Leading federal officials from D.C. met in San Francisco Thursday and presented plans for what lies farther west.
National Oceanic and Atmospheric Administration head, Jane Lubchenco emphasized the importance of putting a new ocean council in the White House.
Jane Lubchenco: “Today the federal government says loudly and clearly ‘healthy oceans matter.’ Our individual and national prosperity, health, security, and well-being depend on it.”
Rob Manning reports.
The bottom line is that the government hasn’t been doing the best job managing the ocean – according to Susan Allen with the advocacy group, Our Ocean.
Susan Allen: “There isn’t the best coordination between state and federal entities, and within federal agencies.”
Federal advisors now want to create a National Ocean Council. It would include cabinet-level leaders: people like Secretary of State Hillary Clinton and former Washington governor, now Commerce Secretary, Gary Locke.
Astrid Scholz is an ocean policy expert with Portland-based, Ecotrust.
Astrid Scholz: “It would seem to suggest, if you’re going to be creating a council with this caliber, and this make-up, you’re going to make some very large changes in the way ocean policy is handled in this country.”
In fact, the advisors are going to tackle a potentially explosive issue: “ocean spatial planning.” It’s basically ocean zoning, where certain parts of the ocean are reserved for certain uses, say fishing, or wave energy, or for a marine reserve.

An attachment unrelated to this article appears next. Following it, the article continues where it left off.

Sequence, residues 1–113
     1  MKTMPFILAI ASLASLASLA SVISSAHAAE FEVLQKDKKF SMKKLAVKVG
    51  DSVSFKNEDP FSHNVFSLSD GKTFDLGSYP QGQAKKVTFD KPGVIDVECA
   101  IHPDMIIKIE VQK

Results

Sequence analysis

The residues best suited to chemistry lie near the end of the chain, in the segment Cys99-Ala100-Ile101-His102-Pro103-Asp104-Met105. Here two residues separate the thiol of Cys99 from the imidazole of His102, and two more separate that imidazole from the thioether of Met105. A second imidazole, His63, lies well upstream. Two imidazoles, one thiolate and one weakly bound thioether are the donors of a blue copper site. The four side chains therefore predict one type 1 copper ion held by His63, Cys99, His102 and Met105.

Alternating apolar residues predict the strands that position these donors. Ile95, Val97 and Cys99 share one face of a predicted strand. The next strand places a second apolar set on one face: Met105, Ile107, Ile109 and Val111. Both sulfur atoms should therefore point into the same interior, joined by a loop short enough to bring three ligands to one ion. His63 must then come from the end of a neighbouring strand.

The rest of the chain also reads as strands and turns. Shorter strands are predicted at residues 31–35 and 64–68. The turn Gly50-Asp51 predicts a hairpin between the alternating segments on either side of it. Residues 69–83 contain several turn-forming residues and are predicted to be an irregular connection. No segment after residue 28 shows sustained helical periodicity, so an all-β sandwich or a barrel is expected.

As Dr. Lubchenco spoke from San Francisco, her staffers in charge of federal marine sanctuaries met in Portland.
Lincoln County commissioner Terry Thompson offered them his idea for managing Oregon’s ocean programs.
Terry Thompson: “I’m pushing the governor’s office to start to talk about a Department of Oceans, because as long as we keep them split up in all of our different agencies – the first time we have budget cuts, they take the smallest things, and they throw them out.”
Advocates told their federal guests that the state’s ocean policies are working, and more federal oversight isn’t necessary.
As if in response, the federal officials in San Francisco said that the new high-level interest in oceans won’t replace local control.
OPB | Feb. 22, 2017